‘KISS THE WATER’ BY ERIC STEEL

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‘KISS THE WATER’ BY ERIC STEEL

Karlie reviews 'Kiss the Water' at the Edinburgh International Film Festival

By Karlie Simmonds

I arrived at the Edinburgh International Film Festival on Wednesday with a whole day ahead of me to watch as many films as I could. I wanted to be entertained, to soak up the atmosphere and to experience the finest International filmmaking the Festival had to offer. You can imagine my surprise then as I clutched the press and industry film screenings list and found myself faced with the first film of the day, ‘Kiss the Water’ a documentary on Fly Fishing, directed by Eric Steel. 

I looked forlornly at the steward. I was about to ask him if they had any paint I could watch dry instead, when, suddenly, a wild-haired Irish man appeared.  He looked typical of Festival reviewers - in a flux of motion, clinging on to a paper coffee cup, press pass swinging from his neck.  He looked fun. ‘What are you watching? ‘I asked him.  ‘Kiss the Water’ he replied. I looked at him, and before I could stop myself, the word ‘Really?’ blurted out of my mouth. He nodded enthusiastically and took a huge gulp of coffee (probably not his first of the day) before saying, ‘The producer told me it was good’.

I raised a cynical eyebrow, resisted the urge to tell him the producer would hardly tell him not to bother, and looked back at the film listings.  Could I watch a film about a woman who made fish flies? Surely it would be boring. Then it occurred to me I should just allow myself to absorb the festival, to trust the festival programmers, and so I followed him (at a safe distance) into the theatre.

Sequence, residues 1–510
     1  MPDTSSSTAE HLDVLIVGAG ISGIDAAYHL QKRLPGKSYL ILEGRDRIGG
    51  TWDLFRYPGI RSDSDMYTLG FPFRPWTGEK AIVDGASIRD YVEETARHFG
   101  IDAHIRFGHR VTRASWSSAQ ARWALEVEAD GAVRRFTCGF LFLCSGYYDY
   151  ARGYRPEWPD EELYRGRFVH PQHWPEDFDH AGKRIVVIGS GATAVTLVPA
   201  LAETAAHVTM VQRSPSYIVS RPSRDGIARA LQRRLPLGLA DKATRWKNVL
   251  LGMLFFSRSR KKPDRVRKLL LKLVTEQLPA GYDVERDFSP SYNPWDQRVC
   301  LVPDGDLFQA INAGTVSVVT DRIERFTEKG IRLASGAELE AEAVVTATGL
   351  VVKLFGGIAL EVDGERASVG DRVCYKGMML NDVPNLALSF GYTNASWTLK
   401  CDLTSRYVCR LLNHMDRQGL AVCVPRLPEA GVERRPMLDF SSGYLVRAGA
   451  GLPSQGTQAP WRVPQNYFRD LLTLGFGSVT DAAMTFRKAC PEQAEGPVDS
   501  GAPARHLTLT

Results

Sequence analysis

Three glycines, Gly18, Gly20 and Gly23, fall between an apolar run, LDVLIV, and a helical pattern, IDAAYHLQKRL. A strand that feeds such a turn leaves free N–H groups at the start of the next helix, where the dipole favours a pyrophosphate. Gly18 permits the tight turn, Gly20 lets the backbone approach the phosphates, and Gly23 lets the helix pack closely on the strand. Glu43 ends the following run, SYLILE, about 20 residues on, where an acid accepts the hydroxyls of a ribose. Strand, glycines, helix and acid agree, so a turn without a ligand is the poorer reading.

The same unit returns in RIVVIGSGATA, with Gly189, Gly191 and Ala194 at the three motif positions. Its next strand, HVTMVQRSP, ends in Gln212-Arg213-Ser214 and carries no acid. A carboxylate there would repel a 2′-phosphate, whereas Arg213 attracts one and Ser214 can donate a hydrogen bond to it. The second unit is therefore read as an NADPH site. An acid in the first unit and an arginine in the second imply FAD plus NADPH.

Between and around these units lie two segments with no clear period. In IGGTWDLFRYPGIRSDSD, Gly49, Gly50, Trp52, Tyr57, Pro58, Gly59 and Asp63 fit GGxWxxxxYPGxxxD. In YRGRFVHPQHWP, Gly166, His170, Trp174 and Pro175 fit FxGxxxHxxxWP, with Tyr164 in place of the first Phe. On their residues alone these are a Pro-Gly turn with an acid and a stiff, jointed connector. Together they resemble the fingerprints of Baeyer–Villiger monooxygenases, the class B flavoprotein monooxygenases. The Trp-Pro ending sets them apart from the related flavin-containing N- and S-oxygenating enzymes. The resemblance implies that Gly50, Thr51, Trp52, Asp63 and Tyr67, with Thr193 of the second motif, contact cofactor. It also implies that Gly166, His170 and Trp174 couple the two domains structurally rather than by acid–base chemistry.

We were soon joined by a few others and sat in the darkness exchanging tortured glances. One guy even went so far as to joke, ‘Let’s tell everyone it was good even if it’s not’.  We laughed nervously.

What happened next is typical of any good narrative. Of course it was brilliant. Of course we were captivated. As ‘Kiss the Water’ unfolded before us, we learned about the life of Megan Boyd, Master of Fish Flies. Megan lived in Brora and was internationally respected for her mastery of tying fish flies.  I learnt about this eccentric lady who dressed as a man, was friends with Prince Charles, made a special Fish Fly for Princess Diana as a wedding present, rode a motorcycle too fast along the country roads, lived in a cottage with no electricity and running water, and acted as a warden in the Second World War.

She tied fish flies so well they have become collector’s items and held on display in museums. It was an incredibly entertaining story. The film was interspersed with some of the most stunning oil painted animation of fish swimming I have ever seen, which in fairness is not that much, but it was still beautiful. 

Animation Director Em Cooper has created something wonderful, reminiscent of the romance of Jack Vetriano.  As a hopeless romantic chick, the love story ‘Kiss the Water’ was a real gem of the festival for me. I encourage you to seek it out.  It proved to me that I should be more open minded about films and that the Edinburgh Film Festival knows its stuff.

http://iamkarlie.com/

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